Two faces of disclosure
Thursday, July 18, 2013 Last month Edward Snowden, a former low-level NSA technician revealed to the world what it already knew: that the shadowy arm of the world’s most powerful government is keeping tabs on its citizens.
Face the facts
Wednesday, June 05, 2013 As this issue of Tunnels North America goes to print, three significant events took place in the US within days of each other. Two brothers set off bombs at the Boston Marathon, a fertiliser plant exploded in Texas and the Federal Aviation Administration furloughed air traffic controllers as part of the government-wide sequester, the current buzzword for USD 85bn spending cuts.
An open letter to the U.S. Congress
Friday, April 05, 2013 Dear elected officials, or the interns who open their mail, while I have no direct affiliation with the organisers, I’m going to go out on a limb, here, and invite you to RETC, the Rapid Excavation Technology Conference, which is being held in your neighbourhood this June. I’m sure they won’t mind.
A cost of price
Wednesday, March 06, 2013 The UK has been hit by a supply chain scandal in the past month that seems unrivalled in recent years. One of the most regulated industries has spectacularly failed. British and European consumers have been eating horsemeat disguised as beef. This scandal offers a warning on price driven markets. The introduction of horsemeat into beef products has affected the lowest price readymade meals. Opportunists in the supply chain delivered cheap ‘beef’ to undercut competition.
Rock Me Amadeus
Thursday, February 28, 2013 NATM is a frequently misunderstood approach to tunnelling. Its de¬ nition, its use and its advantages are often the subject of debate. In this issue of Tunnels, Austrian Society for Geomechanics (OeGG) president Wulf Schubert attempts to tackle the issue.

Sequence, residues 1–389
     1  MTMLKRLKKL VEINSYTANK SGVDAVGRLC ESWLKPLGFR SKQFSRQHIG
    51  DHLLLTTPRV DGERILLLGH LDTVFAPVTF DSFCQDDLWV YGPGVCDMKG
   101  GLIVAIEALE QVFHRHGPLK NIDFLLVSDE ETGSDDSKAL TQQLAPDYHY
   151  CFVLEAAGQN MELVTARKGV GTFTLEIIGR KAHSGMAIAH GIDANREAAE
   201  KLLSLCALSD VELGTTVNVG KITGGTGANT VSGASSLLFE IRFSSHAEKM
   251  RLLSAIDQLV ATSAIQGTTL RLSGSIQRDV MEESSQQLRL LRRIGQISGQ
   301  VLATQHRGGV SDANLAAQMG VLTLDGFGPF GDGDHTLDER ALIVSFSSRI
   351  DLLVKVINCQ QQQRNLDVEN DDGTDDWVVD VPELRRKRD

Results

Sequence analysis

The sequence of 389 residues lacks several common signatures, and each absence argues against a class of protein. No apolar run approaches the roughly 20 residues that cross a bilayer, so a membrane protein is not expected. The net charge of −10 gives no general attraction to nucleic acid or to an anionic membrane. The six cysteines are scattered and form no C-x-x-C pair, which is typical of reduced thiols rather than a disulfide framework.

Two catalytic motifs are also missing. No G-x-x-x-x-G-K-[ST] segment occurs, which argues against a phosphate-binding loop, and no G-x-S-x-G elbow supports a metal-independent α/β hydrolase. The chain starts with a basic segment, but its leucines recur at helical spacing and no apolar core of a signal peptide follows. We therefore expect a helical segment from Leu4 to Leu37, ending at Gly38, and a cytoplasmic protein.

Show, don't tell
Tuesday, February 19, 2013 The National Center for Education Statistics recently released results for US students on the Trends in International Mathematics and Science Study (TIMSS), a program testing maths and science every couple years at grades four and eight over the past decade and a half.
150 years of the London underground
Thursday, January 17, 2013 Railway construction in Great Britain began in the early 19th Century. A network of lines crisscrossed over the country and six terminals were built on the outskirts of London’s city centre. Permission to build a central terminal was refused and just one terminal, Fenchurch Street, serving the counties east of London, was ever built within the city limits.
Over The Hill
Tuesday, January 08, 2013 This October marked the 40th anniversary of the Clean Water Act, legislation enacted to regulate the discharge of pollutants into the waters in the US and establish water quality standards. It made it unlawful to discharge any pollutant into navigable waters without a permit. As a nation we’re much better off, with cleaner lakes, rivers and other waters, as an industry, underground construction has fared well, too. According to the Environmental Protection Agency (EPA) roughly 772 cities across the US have combined sewer systems and therefore combined sewer overflows (CSOs), and are expected to clean up their act.
Look back to move forward
Thursday, December 27, 2012 Last month the world’s oldest working digital computer was rebooted after three years of painstaking rebuilding. The machine was found in a storeroom where it had been left abandoned for 15 years. In its prime in the 1950s the computer had been used by the UK’s atomic energy research programme. The 2.5t machine will now take pride of place at Bletchley Park, the site of the English code breaking efforts during World War II.